What is password reuse, and why is it a security problem?
One of the most common threats – and serious vulnerabilities – is not related at all to software or applications, but rather human beings and our habits: password reuse. Password reuse is a problem where people try to remember multiple passwords for everything they interact with on a regular basis, but instead use the same password on multiple systems.
Once one account is compromised, all of the accounts that share that password become compromised. The more a password is reused, the more opportunities there are for that password to be compromised or stolen. If a website is compromised, hackers will use the passwords and login information on other websites in an attempt to gain access to other accounts such as financial websites or email accounts. According to industry experts 99% of compromised user accounts come from password reuse.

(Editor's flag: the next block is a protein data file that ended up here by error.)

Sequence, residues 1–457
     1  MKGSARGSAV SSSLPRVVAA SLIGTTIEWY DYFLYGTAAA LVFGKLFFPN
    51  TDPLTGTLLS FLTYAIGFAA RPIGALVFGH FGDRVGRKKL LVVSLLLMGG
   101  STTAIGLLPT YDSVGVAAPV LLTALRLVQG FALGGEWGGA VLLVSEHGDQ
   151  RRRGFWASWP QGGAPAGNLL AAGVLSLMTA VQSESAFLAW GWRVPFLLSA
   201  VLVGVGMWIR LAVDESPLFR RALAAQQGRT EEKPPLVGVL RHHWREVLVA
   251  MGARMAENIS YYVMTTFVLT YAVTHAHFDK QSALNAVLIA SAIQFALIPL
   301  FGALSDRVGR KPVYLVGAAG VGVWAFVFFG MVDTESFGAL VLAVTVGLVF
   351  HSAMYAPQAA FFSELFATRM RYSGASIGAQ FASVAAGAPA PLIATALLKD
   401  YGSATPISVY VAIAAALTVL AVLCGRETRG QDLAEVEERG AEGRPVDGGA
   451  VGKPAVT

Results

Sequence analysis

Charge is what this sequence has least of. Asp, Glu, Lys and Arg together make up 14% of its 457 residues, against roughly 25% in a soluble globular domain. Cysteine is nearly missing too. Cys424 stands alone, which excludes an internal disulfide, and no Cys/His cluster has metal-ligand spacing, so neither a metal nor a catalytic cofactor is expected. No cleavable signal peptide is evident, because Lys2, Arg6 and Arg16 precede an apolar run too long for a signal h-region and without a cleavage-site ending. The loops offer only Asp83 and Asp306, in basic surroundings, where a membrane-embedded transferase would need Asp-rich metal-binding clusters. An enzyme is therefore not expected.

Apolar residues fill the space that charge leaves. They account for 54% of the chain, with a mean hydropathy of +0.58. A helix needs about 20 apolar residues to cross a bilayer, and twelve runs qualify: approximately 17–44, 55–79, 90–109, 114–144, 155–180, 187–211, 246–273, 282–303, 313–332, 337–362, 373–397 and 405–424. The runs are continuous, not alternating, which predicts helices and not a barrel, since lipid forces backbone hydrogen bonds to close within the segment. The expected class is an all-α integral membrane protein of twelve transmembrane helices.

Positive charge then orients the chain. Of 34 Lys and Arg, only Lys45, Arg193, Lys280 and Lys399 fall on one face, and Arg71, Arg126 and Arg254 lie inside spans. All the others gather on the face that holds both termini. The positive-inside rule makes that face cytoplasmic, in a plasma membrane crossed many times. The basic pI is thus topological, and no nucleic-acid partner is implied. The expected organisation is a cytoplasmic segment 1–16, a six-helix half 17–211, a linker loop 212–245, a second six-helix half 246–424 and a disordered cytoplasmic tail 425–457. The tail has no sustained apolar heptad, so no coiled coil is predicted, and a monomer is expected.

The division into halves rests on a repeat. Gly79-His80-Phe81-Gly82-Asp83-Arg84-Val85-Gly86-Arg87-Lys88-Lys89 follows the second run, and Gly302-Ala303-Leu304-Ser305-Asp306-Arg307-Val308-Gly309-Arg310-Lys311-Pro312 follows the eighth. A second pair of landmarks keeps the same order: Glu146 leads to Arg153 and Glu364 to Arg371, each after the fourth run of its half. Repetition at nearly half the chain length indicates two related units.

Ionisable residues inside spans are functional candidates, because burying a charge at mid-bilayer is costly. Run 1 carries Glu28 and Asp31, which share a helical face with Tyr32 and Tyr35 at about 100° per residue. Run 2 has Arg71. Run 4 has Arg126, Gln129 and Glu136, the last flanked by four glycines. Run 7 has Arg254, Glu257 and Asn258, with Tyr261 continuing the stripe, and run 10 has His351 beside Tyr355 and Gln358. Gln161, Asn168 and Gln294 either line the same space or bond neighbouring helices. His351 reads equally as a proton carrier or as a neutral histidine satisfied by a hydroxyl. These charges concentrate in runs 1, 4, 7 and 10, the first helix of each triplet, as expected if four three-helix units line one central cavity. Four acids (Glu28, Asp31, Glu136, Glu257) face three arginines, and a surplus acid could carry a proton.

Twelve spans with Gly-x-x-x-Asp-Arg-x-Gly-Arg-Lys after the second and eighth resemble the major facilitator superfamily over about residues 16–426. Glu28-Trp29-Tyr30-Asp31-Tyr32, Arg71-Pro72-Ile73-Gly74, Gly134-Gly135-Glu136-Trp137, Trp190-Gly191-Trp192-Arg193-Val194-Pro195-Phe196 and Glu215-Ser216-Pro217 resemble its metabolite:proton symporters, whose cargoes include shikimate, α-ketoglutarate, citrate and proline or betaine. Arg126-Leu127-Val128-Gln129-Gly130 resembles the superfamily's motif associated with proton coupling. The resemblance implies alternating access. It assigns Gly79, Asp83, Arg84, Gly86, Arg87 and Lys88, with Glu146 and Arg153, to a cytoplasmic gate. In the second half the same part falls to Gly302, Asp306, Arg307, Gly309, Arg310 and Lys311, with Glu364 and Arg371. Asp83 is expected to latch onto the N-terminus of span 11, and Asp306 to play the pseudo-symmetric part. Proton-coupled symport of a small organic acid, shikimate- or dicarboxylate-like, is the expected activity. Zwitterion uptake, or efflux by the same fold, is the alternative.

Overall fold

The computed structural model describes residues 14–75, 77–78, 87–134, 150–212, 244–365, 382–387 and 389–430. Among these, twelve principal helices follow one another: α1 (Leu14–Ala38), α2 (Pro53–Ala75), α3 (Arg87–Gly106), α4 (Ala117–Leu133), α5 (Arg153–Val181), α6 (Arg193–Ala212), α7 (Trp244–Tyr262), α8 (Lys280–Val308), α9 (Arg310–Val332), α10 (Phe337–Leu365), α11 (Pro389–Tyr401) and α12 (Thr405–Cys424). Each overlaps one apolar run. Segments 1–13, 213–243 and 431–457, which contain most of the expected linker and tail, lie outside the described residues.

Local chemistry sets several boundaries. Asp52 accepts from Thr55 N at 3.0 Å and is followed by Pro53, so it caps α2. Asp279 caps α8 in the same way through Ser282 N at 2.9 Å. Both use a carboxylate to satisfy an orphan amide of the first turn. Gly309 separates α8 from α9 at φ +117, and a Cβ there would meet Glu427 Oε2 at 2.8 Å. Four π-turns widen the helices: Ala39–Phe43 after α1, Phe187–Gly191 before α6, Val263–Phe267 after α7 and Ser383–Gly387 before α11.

The best way to keep yourself protected online is to use strong, unique passwords for every account. That way, even if your password for one website is compromised, the others stay secure. This is especially crucial when you create accounts for websites that store sensitive or financial data.
Here are some staggering statistics that show the magnitude of the password reuse problem.
- A Google survey found that at least 65% of people reuse passwords across multiple, if not all, sites.
- Another recent survey found that 91% of respondents claim to understand the risks of reusing passwords across multiple accounts, but 59% admitted to doing it anyway.
- Microsoft recently announced that a staggering 44 million accounts were vulnerable to account takeover due to compromised or stolen passwords.
- The average person reuses each password as many as 14 times.
- Security.org found that 76% of millennials recycle their passwords.
- Compromised passwords are responsible for 81% of hacking-related breaches, according to the Verizon Data Breach Investigations Report.